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The Legal Requirements of a Second Job

By: Garry Crystal - Updated: 23 Sep 2012 | comments*Discuss
 
Second Job Legal Requirements Employment

Starting a second job can be one of the best ways to bring in some extra income. But there are some legal requirements to taking a second job including informing present employers.

The Law and Second Jobs

Under certain circumstances it may not simply be a case of finding and starting a second job. There are a number of legal requirements especially for those already in part-time or full-time employment. Contractual requirements set out by present employers can actually determine whether or not their employees can take second jobs. There are also working time limits set out by the government that should be taken into account. Working a second job without fulfilling the legal requirements could mean that employees are actually working illegally.

Employment Contracts and Second Jobs

Many people consider the hours outside of their regular employment to be theirs to do with as they please. But some employers do not take the same view, especially with employees who are working for other employers. Anyone considering taking a second job should check the terms and conditions set out within their present employment contract. Employment contracts may contain clauses that forbid working for other employers especially if there are conflicts of interest. Many employers are also against employees taking seconds jobs if it means their work performance will deteriorate.

Creative Rights in Employment Contracts

Employees who use creative skills such as writing or creating graphics should check their employment contract’s terms and conditions. Employers sometimes have clauses that state that they will own the rights to all work created while working for them. This will mean that creative work carried out for a second employer may belong to the full-time present employer. Employers should be notified of the intention to work a second job, and to gain permission to work for another employer.

Second Jobs and Working Time Limits

The government has set regulations regarding how many hours an employee should work each week. The maximum average is 48 hours per week but employees can choose to opt out of this. There are certain employment cases where this rule does not apply such as the emergency services or the armed forces. The 48 hours per week limit is averaged out over a 17 week period. This means employees can work more that 48 hours per week but only if the average is less than 48 hours over the complete 17 week period.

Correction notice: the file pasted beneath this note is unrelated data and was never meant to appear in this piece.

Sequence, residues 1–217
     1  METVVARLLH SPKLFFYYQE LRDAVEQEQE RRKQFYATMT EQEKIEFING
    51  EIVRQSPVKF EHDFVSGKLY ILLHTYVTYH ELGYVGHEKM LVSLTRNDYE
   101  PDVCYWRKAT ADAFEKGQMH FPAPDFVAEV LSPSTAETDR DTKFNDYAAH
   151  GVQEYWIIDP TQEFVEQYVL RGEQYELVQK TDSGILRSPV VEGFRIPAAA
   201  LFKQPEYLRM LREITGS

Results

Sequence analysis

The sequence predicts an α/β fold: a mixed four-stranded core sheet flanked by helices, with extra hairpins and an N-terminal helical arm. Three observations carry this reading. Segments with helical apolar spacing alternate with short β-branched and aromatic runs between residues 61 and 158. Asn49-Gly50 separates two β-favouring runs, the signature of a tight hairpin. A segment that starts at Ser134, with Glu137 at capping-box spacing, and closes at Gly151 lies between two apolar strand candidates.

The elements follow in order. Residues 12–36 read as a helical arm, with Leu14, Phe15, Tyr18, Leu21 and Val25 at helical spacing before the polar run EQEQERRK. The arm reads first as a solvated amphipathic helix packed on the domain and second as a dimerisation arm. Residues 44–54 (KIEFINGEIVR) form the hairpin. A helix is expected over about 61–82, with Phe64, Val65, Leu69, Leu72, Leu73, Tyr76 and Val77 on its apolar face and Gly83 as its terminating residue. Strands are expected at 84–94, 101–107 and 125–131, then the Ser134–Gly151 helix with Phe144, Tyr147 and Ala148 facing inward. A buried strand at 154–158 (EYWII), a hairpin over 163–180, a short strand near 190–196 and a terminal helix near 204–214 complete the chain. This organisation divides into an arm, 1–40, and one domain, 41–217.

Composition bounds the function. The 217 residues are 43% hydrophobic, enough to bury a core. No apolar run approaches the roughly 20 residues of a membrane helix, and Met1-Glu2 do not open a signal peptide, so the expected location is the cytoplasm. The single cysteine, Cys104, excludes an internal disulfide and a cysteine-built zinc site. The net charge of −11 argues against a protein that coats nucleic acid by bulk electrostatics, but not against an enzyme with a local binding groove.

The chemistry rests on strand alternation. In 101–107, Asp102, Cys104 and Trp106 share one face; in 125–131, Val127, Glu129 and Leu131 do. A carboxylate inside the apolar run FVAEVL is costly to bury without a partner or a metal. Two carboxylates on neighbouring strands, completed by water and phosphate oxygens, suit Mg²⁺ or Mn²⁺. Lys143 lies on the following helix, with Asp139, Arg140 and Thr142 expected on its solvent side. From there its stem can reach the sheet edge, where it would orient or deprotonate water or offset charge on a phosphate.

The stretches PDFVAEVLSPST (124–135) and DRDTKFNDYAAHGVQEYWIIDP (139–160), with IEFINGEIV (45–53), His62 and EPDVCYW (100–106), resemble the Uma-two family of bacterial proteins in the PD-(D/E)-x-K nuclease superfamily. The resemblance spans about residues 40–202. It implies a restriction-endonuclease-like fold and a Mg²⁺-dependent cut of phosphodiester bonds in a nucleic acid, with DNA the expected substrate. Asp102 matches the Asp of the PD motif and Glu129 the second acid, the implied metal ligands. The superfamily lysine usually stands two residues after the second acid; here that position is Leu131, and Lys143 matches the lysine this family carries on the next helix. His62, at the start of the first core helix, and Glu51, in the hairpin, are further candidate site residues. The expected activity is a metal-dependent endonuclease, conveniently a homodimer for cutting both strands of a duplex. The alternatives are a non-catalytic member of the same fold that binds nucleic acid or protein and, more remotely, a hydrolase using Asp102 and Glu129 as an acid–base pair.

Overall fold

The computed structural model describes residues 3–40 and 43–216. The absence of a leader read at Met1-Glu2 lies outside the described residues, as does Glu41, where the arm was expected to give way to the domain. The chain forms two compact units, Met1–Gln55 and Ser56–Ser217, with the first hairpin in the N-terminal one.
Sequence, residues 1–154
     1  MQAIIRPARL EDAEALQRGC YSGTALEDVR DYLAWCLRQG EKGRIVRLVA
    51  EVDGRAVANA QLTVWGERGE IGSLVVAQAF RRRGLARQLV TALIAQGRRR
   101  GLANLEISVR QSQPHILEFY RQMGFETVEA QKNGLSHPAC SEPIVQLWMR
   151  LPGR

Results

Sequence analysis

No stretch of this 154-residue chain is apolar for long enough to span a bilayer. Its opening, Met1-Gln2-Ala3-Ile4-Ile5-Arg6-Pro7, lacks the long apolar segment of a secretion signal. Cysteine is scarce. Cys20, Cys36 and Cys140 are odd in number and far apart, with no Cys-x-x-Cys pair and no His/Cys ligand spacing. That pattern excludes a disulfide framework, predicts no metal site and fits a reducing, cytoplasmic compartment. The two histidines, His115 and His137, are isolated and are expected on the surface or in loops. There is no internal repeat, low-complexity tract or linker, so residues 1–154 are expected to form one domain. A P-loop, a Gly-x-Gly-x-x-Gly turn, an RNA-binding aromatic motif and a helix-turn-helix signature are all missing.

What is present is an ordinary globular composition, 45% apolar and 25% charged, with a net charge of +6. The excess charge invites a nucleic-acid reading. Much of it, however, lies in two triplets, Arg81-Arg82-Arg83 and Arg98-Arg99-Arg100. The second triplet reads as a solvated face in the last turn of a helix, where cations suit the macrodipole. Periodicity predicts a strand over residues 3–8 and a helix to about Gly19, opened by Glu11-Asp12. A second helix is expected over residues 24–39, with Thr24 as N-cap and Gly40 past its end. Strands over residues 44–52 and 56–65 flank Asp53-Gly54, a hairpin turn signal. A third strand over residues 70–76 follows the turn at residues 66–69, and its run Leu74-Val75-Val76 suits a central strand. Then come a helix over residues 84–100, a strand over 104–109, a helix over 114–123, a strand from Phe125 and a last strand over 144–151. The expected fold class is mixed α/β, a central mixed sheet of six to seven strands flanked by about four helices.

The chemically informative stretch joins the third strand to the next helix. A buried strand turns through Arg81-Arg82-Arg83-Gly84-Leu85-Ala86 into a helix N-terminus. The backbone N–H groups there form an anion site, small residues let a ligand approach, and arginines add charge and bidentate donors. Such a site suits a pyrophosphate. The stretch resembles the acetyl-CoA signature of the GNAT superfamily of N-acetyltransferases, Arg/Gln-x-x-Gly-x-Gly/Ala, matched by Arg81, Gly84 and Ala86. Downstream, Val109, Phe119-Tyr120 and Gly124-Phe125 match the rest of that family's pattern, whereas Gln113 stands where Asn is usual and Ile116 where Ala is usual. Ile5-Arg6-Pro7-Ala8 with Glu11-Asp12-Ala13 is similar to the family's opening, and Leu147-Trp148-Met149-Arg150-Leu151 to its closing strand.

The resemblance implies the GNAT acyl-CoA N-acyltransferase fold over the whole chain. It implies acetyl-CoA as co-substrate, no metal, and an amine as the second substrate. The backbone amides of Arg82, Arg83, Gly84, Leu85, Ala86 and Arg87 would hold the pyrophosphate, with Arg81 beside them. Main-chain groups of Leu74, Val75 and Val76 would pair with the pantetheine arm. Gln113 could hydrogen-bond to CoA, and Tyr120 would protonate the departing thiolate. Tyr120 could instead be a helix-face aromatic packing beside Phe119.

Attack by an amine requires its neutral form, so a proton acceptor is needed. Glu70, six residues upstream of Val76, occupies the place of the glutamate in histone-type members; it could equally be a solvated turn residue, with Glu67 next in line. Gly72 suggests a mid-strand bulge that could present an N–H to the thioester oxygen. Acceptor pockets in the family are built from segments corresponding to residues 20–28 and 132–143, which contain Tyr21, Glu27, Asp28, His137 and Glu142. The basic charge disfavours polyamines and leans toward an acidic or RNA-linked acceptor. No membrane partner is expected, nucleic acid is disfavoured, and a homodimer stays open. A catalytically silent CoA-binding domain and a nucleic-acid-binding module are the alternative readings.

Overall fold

Using an Employment Opt-Out Agreement

Employees can opt out of the 48 hours work limit regulations. The opt-out agreement must be made in writing and must not be forced on the employee. Opt-out agreements can sometimes be used as part of the employment contract but employees are free to cancel this at any time. Opt-out contracts should be signed by employees who are taking second jobs and should be signed by the employee and the employer. Anyone under the age of 18 can only work 40 hours per week and are not permitted to use an opt-out agreement.

What Does Not Count Towards the 48 Hours Limit

There are certain factors that cannot be included in the 48 hour work limit. Remember, the opt-out will only be needed if the working hours from both jobs totals more than 48 hours. Other circumstances that do not count towards the 48 hours limit will include:

  • Travel time to and from places of employment
  • Lunch breaks cannot be counted within the 48 hour limit
  • Holiday leave including paid and unpaid leave
  • Overtime that is unpaid including staying late at work

Tax Requirements and a Second Job

The tax man will want a cut of any earnings through a second job as well as National Insurance payments. Employees starting a second job will be required to complete a P46 supplied by the HM Revenue and Customs. Second jobs can often cause initial confusion because the employee will now have two tax codes. Mistakes have been known to happen with the employee paying more tax than they should. Any employee who thinks they are paying too much tax should either contact their payroll department or the HMRC directly.

There are many employees in the UK who are working a second job without the knowledge of their full-time employer. In a number of cases this can go unnoticed for years. But employers may not be happy if they do find out employees have been working a second job without informing them. Employees should stay safe and abide by the legal requirements to avoid the risk of losing a permanent job.

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